Community EcologyGlobal warming shifts plant phenology

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As the climate warms we see the timing of annual processes in nature begin to shift. When does trillium flower in the spring? When do the leaves turn red in the fall? In general, we see spring phenologies moving earlier in the year, while fall phenologies are delayed, but not all species are moving at the same rate, causing mismatches between interacting species.

Project Summary

We are exploring how spring phenologies are shifting with the changing climate in the Holden Arboretum’s Bole Woods. In this citizen science project, volunteers have been monitoring spring leaf out in the forest canopy in relation to the emergence and flowering of spring ephemeral wildflowers in the forest understory since 2018. We use these data to understand how the shifting climate is driving changes in the timing of these events, and how mismatched shifts between the canopy and understory may change the forest wildflower community. We are also exploring how native and nonnative species differ in their capacity to shift phenologies in response to the changing climate. Using a combination of meta-analytical approaches and manipulative experiments, we are teasing apart how differences in phenological sensitivities may advantage nonnative species and shift plant community composition.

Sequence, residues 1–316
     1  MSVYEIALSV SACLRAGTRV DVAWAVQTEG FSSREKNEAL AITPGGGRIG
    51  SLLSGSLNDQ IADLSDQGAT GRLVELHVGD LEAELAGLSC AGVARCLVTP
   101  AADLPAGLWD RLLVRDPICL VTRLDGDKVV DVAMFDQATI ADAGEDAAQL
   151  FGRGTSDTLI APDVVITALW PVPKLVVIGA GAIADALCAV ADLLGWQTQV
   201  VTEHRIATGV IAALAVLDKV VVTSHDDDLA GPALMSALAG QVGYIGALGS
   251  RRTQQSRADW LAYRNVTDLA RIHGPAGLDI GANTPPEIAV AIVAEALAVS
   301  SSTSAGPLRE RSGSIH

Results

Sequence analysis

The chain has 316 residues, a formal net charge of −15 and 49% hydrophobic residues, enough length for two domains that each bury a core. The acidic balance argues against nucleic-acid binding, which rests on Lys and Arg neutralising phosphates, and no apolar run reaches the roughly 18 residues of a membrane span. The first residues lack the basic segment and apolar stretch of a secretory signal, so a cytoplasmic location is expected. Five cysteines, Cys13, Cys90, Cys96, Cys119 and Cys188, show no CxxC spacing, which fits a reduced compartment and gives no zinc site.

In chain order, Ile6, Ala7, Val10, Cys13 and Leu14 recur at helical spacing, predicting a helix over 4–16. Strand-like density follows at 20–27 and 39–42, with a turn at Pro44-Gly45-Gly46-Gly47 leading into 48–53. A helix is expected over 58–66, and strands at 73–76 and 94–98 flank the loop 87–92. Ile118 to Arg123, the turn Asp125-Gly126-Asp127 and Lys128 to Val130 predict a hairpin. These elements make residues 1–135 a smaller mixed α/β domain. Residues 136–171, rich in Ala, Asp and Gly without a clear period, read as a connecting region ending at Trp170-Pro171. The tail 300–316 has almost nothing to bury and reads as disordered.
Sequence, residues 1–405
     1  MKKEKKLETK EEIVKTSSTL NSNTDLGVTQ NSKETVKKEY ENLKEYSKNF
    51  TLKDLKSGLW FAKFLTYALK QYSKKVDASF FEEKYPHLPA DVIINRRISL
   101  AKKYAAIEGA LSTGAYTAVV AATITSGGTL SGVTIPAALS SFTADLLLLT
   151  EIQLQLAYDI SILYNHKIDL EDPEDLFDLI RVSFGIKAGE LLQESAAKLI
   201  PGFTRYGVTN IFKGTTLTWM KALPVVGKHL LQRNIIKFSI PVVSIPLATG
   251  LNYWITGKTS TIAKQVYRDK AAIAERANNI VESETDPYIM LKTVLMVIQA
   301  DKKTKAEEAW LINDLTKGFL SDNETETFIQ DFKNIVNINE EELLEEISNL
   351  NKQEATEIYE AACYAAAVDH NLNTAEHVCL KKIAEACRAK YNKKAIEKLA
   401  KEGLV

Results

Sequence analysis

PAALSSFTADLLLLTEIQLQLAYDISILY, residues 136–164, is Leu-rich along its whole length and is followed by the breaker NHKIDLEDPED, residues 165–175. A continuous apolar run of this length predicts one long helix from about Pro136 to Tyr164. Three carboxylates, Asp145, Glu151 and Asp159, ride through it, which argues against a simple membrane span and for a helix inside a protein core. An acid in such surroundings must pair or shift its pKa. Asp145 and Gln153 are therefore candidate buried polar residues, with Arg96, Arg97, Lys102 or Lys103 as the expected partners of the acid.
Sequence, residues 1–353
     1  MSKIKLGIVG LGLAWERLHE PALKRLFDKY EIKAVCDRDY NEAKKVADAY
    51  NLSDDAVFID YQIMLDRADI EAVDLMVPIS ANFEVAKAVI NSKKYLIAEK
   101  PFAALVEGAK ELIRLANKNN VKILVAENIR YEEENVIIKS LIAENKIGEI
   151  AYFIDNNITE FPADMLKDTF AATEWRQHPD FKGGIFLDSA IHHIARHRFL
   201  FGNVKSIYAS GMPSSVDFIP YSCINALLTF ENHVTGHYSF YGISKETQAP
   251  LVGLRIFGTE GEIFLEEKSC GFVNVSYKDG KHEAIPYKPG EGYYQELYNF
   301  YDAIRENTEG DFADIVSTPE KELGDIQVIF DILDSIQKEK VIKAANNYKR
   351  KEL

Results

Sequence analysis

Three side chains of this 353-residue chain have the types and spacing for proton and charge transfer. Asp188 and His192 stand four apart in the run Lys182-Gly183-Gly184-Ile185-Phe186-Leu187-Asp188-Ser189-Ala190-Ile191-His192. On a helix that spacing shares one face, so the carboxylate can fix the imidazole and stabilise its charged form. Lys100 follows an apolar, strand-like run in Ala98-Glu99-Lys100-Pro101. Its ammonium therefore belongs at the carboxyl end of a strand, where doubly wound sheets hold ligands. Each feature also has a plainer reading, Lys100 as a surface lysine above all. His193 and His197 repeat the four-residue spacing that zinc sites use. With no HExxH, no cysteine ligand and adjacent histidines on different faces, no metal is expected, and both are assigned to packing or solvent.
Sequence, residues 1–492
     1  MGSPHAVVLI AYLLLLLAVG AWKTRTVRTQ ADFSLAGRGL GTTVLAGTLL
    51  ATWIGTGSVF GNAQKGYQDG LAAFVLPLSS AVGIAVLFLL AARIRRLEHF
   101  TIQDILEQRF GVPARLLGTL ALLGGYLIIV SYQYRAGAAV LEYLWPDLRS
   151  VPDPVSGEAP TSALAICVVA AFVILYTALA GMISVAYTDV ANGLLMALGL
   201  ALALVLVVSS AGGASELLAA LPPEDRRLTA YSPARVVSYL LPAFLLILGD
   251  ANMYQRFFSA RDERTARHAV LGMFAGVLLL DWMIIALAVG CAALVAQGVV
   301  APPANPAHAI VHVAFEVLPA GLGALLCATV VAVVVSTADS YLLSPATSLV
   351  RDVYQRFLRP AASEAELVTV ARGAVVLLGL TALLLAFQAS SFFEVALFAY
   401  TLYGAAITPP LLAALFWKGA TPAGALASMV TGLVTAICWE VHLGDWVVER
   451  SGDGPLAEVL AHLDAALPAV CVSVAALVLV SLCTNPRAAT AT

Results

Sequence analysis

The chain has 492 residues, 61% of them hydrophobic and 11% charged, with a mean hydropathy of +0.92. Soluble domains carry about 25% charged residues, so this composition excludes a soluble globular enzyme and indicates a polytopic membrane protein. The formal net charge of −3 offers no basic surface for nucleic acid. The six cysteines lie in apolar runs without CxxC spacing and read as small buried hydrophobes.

climate change, warming, phenology


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